If Roe v. Wade is overturned, what civil and human rights could be next?
One of the pieces of art in our dining area is "The First Step" by Shadra Strickland. It depicts 6-year-old Ruby Bridges, clad in a white dress and Mary Jane shoes, walking alone up the steps to William Frantz Elementary in New Orleans. Two federal marshals flank the entrance to the school, and behind little Ruby are white faces, some holding Confederate flags, angry that a Black child — one Black child — is integrating their previously, purposefully, segregated neighborhood school.
Clutching a book to her belly with her left hand and holding a book bag in her right, Ruby has a determined but nervous look as she is about to cross the threshold into the school, and into history.
I look at the painting every day. I think often of her parents' brave decision, of how scary it must have been for such a young child to hear shouts of "go home, n*****" from those angry white people as she was walked toward school, how terrifying it was to see the Black doll in a coffin one of the mob carried, how isolating it must have been to go through months of the school year with no classmates, no recess, just Ruby and her teacher.
I look at that painting every day, and it inspires me. It also reminds me of a not-so-distant past, one I've feared for quite some time is roaring back.
It reminds me of what has grudgingly been granted, and how quickly and easily it can be taken away.
On Tuesday morning, in the wake of the news that the Supreme Court intends to effectively repeal Roe v. Wade, which at its root gives women autonomy over their own bodies and lives, that last part — how quickly and easily things can be taken away — is resonating louder than usual.
As a woman, as a sister, as a mother of daughters, as an aunt to nieces, as a coach of a team of 40-plus girls, as an empathetic human being, it's enraging to know that soon we'll all be told that we cannot have the basic right of agency over ourselves.
And as a Black American who is relatively conscious, to borrow from the great James Baldwin, all I see is a strong pull on a delicate thread. And if this thread can be yanked, so can all of the others that have allowed my life to be what it is, and really, allowed my very existence and stand to threaten so many.
If Roe is a "states' rights" issue as Justice Samuel Alito's draft indicates, is Loving v. Virginia, which legalized interracial marriage? Sen. Mike Braun (R-Indiana) already seemed to say that quiet part out loud when he indicated twice during a call with media in March that the Supreme Court was wrong in the 1967 Loving decision, only to backtrack hours later.
Interracial marriage had long been legal in Massachusetts, where my parents married, but would not have been recognized in many other states before the Loving decision. Not that it being legal made things any easier for my parents to deal with those in their life who thought they knew best, and that "best" was keeping them apart.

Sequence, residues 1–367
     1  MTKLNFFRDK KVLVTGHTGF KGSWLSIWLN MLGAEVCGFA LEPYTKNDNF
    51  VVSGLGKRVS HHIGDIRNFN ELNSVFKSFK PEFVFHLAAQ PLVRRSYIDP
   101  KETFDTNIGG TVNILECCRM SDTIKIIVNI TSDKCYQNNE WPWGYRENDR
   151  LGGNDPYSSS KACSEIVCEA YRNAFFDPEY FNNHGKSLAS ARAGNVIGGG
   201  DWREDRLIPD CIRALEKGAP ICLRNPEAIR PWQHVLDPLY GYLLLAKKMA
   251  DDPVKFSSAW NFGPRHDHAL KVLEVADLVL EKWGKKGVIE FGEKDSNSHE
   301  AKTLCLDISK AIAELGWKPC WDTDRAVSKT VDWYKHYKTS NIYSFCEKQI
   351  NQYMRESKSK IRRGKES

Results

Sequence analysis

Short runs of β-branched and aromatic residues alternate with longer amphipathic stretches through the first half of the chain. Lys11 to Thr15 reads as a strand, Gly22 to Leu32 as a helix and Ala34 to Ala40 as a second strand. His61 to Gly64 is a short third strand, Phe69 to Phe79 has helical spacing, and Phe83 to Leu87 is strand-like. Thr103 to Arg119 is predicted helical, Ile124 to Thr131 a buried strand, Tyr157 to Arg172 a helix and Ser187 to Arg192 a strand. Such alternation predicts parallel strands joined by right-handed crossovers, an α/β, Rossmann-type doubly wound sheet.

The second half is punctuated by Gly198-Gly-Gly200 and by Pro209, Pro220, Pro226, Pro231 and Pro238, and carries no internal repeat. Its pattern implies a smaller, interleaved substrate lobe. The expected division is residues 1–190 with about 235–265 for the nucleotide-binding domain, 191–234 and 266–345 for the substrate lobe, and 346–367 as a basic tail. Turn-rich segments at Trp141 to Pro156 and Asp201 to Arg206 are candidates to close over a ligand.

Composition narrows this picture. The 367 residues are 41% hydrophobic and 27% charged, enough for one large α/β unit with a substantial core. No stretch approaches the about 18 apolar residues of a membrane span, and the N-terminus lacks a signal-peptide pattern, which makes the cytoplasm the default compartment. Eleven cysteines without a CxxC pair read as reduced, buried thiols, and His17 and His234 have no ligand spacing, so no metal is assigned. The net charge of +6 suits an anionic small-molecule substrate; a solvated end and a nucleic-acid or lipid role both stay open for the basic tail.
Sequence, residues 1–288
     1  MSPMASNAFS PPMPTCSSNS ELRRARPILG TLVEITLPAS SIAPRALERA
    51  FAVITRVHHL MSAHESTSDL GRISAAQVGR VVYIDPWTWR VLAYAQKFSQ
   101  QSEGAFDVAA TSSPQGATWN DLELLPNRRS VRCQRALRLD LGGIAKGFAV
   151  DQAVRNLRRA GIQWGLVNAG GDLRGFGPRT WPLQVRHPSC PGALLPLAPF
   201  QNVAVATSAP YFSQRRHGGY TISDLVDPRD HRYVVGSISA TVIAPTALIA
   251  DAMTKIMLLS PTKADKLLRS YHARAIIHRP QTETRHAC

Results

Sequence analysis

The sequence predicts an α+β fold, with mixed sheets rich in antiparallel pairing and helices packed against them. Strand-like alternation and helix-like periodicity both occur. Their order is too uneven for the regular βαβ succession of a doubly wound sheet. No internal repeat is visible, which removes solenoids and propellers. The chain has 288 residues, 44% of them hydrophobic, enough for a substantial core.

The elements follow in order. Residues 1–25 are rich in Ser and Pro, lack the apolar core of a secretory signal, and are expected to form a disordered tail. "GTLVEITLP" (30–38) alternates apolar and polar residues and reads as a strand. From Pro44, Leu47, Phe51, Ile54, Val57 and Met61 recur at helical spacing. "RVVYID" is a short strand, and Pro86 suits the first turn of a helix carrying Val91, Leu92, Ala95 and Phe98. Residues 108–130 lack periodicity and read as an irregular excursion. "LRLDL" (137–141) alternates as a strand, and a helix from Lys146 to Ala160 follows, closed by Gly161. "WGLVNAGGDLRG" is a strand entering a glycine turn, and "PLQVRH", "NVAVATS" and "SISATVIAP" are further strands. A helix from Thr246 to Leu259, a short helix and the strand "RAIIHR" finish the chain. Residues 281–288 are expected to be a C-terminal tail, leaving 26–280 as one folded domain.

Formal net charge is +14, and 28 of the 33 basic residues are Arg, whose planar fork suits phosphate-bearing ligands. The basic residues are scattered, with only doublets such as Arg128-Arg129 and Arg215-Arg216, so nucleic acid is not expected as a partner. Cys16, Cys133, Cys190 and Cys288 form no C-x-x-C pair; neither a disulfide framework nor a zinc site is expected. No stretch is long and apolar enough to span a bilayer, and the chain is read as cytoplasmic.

If Roe is a "states' rights" issue, is Obergefell v. Hodges? It has long been comical to me that people howl about the "sanctity of marriage" and that it should only be between a man and a woman and not same-sex, yet this is a country where roughly half of all marriages end in divorce. Yes, yes, very sacred.
Obergefell, which guaranteed all people the right to marry, was decided less than seven years ago.
Alito's draft, which was reported on Monday night, argues that abortion is not "deeply rooted" in history. It seems like something Alito simply made up for the purposes of trying to justify his decision, but given that Roe was decided 49 years ago, that does, horrifyingly, seem to open the door for Obergefell to be struck down as well.
If a ruling in place nearly 50 years isn't "deeply rooted," the natural question comes: What does qualify?
The Voting Rights Act, passed in 1965 but since gutted by the Supreme Court, clearly doesn't, not in the eyes of three of the justices still on the Court whose majority opinions have severely weakened it.
Is Brown v. Board of Education "deeply rooted"? The ban on racial segregation in public schools was decided only in 1954, though one can argue there's little done to uphold it even now, 70 years later, when entire districts still have rules policing Black children's hair and banning them from receiving education in schools if they do not comply.
Is the Civil Rights Act of 1964 "deeply rooted"? The 1990 Americans with Disabilities Act?
We're seeing attempts to ban books Ruby Bridges wrote about her experience, part of a new wave of book bans that unsurprisingly but nonetheless infuriatingly tilts toward banning books that center Black and queer people.
Voting maps are being redrawn to essentially negate Black voters, if they even vote in the first place after seeing a line that's intentionally hours long because precinct closures have inordinately targeted Black neighborhoods.
Legislatures are trying to write queer, especially trans people, out of existence.
Once again we're reminded what has the deepest roots: a country by white men for white men. Women can die or be impoverished or just be miserable rather than be allowed to make the best choice for their own health and well-being. Black people can never be allowed to be equal citizens. Queer people can be forced back into silence and shame.
All around us, we're seeing threads being tugged and frayed.
The upcoming Supreme Court decision on Roe is likely the first step in an unraveling that, in familiar and despairing fashion, will happen a lot faster than the work it took to establish it.